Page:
Differences in the concentrations of K, TN, TP, SRP and ammonium nitrogen are also noticeable between monitoring points. Values of these parameters are relatively high in O3, O4, O5 and R compared to O8, O9, O10, O11, and SZ. The high concentrations of these components may be caused by the hydrological drought, which affected the region and nearly entire Poland during the period under study. This directly translated into a lower level of pollutant dilution in small watercourses. Total precipitation recorded by the weather station in Koźmin Wielkopolski was: in 2011—450.7 mm; in 2012—510.6 mm; in 2014—555.4 mm [58]. The highest of total nitrogen concentration in 2012 was found in point R, reaching up to 200 mg·dm3. It was also the place where the highest concentrations of total phosphorus, phosphates and potassium were recorded. High concentrations of total phosphorus in sewage may result from the presence of detergents and cleaning products in domestic wastewater [59,60]. They flow from houses to the Orla River through small streams. As a result of poor dilution rates relative to the affecting factor, concentrations of the substances in small watercourses may have increased. This increase may also have been caused by weather conditions, primarily precipitation. Between 1951 and 2014, the average precipitation in this region amounted to 557.7 mm. Therefore, in 2011, it deviated from the multi-year average.
There are significant differences between the northern and the southern part of the catchment. The southern region is heavily forested with a high share of surface waters (large fishponds). Natura 2000 sites are also located in this area. The watercourses that flow into the Orla River and are located in this area are less affected by rural area activity and, therefore, may have a beneficial effect on the water quality of the main Orla River watercourse, while concentrations of pollutants may decrease due to dilution. Along the administrative border of the voivodeships that divides the catchment area into the southern and northern parts there is also a glaciation border, the so-called Warta Glaciation [61].
The simultaneous analysis of all studied water quality indices shows that some of them, including pH, conductivity, nitrite, and nitrate nitrogen levels, do not affect the variability identified between the sites (Figure 7). Water temperature, dissolved oxygen, ammonium nitrogen, total phosphorus and dissolved phosphates had little impact on the variability. Alkalinity, followed by potassium, calcium, and total nitrogen, had the strongest effect on the variability between the analyzed sites. Their values were high at sites O2, O3, O4 and O5 situated in the upper part of the catchment, as well as at site R (Radęca)—all located in areas dominated by farmland. However, the lowest values of these parameters were observed at sites O8–O11, which were in the middle and lower part of the Orla River catchment, characterized by a small share of agricultural land. A strong positive correlation was found between potassium and calcium concentrations, as well as, to a lesser extent, between ammonium nitrogen, total phosphorus, dissolved phosphates and total nitrogen. In terms of the indices analyzed, site ZS differed from the others to the greatest extent (Figure 7). It is the alkalinity that causes the greatest variability.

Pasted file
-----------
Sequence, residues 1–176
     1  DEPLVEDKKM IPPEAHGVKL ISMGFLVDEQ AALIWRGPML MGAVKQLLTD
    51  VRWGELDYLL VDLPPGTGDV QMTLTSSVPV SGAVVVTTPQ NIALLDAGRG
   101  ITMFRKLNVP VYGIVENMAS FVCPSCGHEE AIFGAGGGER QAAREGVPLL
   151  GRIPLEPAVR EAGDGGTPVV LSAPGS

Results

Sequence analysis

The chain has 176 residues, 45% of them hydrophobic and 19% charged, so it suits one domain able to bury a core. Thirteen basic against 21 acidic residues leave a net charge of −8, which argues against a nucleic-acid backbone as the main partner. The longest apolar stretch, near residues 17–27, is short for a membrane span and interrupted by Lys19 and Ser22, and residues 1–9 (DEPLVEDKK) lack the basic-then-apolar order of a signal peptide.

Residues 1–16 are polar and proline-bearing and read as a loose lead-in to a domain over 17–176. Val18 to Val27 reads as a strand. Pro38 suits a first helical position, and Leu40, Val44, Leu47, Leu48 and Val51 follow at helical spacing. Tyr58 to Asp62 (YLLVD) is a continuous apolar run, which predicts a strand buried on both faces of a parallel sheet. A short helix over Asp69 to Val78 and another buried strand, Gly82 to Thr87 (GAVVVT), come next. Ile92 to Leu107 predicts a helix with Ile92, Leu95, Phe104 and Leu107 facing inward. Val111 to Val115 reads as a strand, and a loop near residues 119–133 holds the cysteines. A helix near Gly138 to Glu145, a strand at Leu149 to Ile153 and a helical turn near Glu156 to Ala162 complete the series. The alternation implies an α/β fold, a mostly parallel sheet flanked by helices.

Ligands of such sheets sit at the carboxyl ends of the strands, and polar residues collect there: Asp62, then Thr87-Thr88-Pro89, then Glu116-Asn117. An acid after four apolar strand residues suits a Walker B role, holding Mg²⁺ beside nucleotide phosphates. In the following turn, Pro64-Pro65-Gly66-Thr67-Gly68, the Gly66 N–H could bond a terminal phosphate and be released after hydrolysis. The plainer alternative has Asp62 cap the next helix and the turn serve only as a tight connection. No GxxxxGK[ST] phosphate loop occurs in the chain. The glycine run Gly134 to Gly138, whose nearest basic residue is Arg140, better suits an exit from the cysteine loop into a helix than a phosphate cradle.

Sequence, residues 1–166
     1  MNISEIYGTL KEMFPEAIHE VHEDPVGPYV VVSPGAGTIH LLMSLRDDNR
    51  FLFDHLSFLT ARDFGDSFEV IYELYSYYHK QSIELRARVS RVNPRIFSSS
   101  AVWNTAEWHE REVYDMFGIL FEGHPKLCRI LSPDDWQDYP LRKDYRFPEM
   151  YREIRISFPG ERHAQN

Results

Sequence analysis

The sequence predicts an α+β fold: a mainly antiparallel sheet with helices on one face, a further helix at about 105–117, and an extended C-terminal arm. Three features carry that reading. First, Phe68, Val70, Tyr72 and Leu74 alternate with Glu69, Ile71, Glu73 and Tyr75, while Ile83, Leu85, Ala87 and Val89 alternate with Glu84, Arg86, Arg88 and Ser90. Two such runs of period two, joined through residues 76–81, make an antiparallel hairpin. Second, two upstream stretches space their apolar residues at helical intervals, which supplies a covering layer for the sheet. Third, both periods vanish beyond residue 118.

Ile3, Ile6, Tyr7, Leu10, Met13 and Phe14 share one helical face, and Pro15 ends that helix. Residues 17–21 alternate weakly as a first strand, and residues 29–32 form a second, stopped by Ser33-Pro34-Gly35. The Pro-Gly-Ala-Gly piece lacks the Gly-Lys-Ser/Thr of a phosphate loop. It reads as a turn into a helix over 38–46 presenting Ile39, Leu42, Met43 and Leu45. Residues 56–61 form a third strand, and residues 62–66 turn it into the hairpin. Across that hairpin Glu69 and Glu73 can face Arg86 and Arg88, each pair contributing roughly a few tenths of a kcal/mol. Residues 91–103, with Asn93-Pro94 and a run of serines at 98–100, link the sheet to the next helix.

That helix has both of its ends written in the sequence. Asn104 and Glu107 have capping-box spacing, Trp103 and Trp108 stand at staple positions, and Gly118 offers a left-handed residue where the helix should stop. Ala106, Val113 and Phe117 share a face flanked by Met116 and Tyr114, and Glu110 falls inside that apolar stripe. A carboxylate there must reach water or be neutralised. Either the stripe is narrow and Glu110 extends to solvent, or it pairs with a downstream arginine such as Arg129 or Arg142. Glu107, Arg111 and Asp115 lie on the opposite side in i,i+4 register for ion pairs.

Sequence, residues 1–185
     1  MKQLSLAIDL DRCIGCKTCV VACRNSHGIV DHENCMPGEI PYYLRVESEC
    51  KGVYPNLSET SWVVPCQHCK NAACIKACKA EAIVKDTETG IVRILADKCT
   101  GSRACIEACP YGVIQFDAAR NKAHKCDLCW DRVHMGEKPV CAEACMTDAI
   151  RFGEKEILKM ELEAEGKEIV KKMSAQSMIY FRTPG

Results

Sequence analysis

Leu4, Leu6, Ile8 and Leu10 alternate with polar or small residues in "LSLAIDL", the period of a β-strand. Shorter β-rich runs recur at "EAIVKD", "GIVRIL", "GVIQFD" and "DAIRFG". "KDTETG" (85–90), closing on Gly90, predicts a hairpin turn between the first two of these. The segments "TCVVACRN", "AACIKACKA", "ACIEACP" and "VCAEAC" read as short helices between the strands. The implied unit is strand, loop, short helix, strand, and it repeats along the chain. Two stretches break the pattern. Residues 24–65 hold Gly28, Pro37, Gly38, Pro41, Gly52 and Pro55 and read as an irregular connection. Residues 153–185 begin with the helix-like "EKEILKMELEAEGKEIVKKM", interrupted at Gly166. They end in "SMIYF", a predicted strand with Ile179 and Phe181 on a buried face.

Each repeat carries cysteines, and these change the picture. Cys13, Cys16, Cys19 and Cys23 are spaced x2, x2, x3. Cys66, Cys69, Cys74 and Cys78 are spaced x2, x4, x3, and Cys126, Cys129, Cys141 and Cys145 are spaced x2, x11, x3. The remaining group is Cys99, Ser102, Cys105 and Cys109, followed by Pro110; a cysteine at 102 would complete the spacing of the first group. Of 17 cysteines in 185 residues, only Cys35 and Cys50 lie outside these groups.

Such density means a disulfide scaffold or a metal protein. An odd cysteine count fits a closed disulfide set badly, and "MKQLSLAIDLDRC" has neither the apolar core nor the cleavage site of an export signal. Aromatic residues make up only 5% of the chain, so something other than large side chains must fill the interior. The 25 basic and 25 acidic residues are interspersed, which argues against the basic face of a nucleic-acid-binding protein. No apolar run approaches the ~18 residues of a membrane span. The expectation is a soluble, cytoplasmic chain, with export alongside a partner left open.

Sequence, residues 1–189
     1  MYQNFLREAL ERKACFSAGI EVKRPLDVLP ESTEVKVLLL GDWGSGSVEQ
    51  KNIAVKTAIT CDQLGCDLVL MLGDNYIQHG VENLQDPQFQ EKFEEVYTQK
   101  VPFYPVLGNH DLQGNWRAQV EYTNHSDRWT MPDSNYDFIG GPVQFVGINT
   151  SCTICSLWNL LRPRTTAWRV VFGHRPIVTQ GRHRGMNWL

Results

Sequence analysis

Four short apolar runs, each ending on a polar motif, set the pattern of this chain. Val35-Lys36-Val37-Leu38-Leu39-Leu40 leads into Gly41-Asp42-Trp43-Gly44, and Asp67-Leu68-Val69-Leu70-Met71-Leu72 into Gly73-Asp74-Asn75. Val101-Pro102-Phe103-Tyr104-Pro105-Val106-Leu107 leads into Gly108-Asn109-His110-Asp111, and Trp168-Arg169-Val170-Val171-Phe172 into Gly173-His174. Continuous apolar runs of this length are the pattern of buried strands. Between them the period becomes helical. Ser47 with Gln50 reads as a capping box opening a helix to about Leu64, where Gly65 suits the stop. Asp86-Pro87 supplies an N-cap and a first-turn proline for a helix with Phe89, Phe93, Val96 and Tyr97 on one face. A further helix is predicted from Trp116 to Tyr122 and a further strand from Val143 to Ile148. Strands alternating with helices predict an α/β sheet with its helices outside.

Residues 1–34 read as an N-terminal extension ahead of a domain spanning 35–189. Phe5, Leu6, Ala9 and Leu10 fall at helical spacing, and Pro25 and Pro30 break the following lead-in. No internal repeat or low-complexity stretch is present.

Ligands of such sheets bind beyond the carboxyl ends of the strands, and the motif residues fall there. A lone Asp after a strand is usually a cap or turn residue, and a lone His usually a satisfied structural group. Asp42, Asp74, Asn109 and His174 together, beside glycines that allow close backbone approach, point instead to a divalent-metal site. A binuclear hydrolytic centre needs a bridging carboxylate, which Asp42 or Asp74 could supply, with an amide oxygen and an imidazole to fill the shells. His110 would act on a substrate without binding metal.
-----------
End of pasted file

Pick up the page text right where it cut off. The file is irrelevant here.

The simultaneous analysis of all studied water quality indices shows that some of them, including pH, conductivity and nitrite nitrogen level, do not cause the variability identified between the sites. Water temperature, nitrate nitrogen and dissolved oxygen concentration had little impact on site variability. Alkalinity and concentrations of potassium, calcium and total nitrogen had the strongest effect on the variability between the sites. Their values were high at sites O3, O4, and O5 located in the upper part of the catchment, as well as on site R (Radęca), all of which are located in areas dominated by farmland. However, the lowest values of these parameters were observed at sites O8–O11, which were in the middle and lower part of the Orla River catchment, characterized by a small share of agricultural land.
The statistical analysis by year reveals that alkalinity is not correlated with the years studied. Average values for this parameter were observed throughout the study period, possibly indicating a factor that may constantly affect the parameter. This means that this factor cannot include factors associated with, for example, crop production, which is characterized by a certain seasonality. These factors are probably beyond the control of environmental quality monitoring authorities in Poland or their control is insufficient. The highest TN, SRP, TP, and Ammo values were observed in 2012 (Figure 8 and Table S6).
As in the case of the variability between sites, the variability between the studied years was not affected by pH, conductivity, nitrate nitrogen concentrations and, in addition, oxygen content. Calcium concentrations had some impact on the variability between the years, they were at their highest in 2014. Potassium and total nitrogen, elevated compared to the others in 2012, also affected the variability to some extent. Alkalinity affected the variability the most.
When analyzing all of the parameters studied, the most significant variation was observed between seasons of the year (Table S7). The first axis of variability accounted for 81.4% of the variation, with a significant difference being found between the values of the studied indices in summer and winter (Figure 9). Winter had high Ca levels, while high alkalinity and a higher temperature were observed in summer.